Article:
As we continue to celebrate great dads, we now turn the spotlight on Dr Steven Lofters, one of the best and most experienced radiologists in Jamaica. He is also a fitness enthusiast, who has made impressive showings in several body building competitions and a carnival junkie who has turned his passion into a business. Ever heard of LehWeGo? Steven is one of key players behind this website dedicated to showcasing carnival from a man’s point of view.
Added to all these roles, Steven is also a husband and a father. As a great family friend and someone who we truly admire, I couldn’t help but reach out to Steven for his take on fatherhood.
Read on and be inspired.
How has having a child changed your life?
It has changed things financially and emotionally for sure. The focus is no longer on us or on what car or house we want. Our child comes first. Having a child has also made me more cognizant of my mortality and the fact that I won’t be around forever. It has also taught me patience and empathy. Without those two things a screaming baby will drive you insane... rapidly.
What did you panic about as a new dad?
I didn't really panic about anything. I took it in stride and adapted to the new role pretty well.
You know how women share parenting tips with each other, do men do this?
What’s more nerve-racking? Competing in a body building competition or heading to the delivery room?
Definitely the delivery room. The apprehension when it’s delivery time is palpable. The competition comes and goes, but childbirth heralds the start of a never ending chapter of your life... not to mention all the inherent risks involved. Pure stress!
Men often complain about how hormonal and emotional women get during pregnancy. How did you handle this and how do you offer support?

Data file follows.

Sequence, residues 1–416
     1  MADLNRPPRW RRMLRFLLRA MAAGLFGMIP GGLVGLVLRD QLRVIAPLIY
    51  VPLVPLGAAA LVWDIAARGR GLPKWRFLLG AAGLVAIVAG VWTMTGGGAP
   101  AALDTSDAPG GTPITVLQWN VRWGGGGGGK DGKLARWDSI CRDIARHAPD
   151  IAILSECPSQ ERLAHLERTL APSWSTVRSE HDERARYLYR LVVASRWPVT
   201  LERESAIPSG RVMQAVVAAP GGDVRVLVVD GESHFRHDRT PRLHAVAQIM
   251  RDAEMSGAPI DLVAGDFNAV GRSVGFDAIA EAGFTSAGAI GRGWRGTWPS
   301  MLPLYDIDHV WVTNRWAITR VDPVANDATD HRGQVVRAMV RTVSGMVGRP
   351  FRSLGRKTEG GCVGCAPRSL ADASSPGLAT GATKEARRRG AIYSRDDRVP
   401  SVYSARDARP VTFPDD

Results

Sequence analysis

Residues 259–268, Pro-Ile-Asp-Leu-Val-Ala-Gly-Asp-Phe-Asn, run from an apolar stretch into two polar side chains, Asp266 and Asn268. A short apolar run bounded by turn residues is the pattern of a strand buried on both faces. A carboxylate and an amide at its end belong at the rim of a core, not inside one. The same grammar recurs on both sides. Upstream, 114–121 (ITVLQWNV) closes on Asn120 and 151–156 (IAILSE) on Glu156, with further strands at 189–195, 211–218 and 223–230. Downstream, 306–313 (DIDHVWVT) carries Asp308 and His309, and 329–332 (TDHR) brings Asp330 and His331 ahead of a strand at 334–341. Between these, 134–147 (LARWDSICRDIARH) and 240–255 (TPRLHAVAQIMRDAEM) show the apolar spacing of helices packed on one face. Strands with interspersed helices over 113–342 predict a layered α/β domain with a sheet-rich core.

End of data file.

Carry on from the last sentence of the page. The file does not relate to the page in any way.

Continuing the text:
You have to try to be as patient and supportive as you can even if you don't know what the hell is going on. I am the first to admit I could have done better during my wife's pregnancy. Having a few more years of experience in this journey called marriage, I know now how I could have done better and I look forward to doing a better job if we are blessed with another child.
All the women I interviewed have agreed children can put a damper on sex. How much dent does having a child put in your sex life?
Imagine lying in your wife's arms early in the morning when in the distance down the hall you hear the bang of a child's door swinging open and a loud "WAAAAAA" as she lets her presence be known. This is followed by a rapid pitter patter of a five-year-old sprinting down the passage way with form Asafa would be jealous of. This is followed by a brief pause as she launches herself in a flying Bruce Lee kick and then BRADAPS!
What happens next depends on the answer to the question that immediately shoots into your head, "Did I lock the bedroom door?"
If yes, expect a continuous and unending barrage of door kicks and violent rattling of the door handle accompanied by desperate squealing as if the child is in mortal fear of her very life.
If no, expect the door to be flung open with such violence that will almost break the door off its hinges! Your child will then stroll in with a broad smile, knowing she has successfully prevented the creation of any competition 🙂
I feel pretty sure this is why they invented grandparents. Visits to grandma allow us our needed alone time.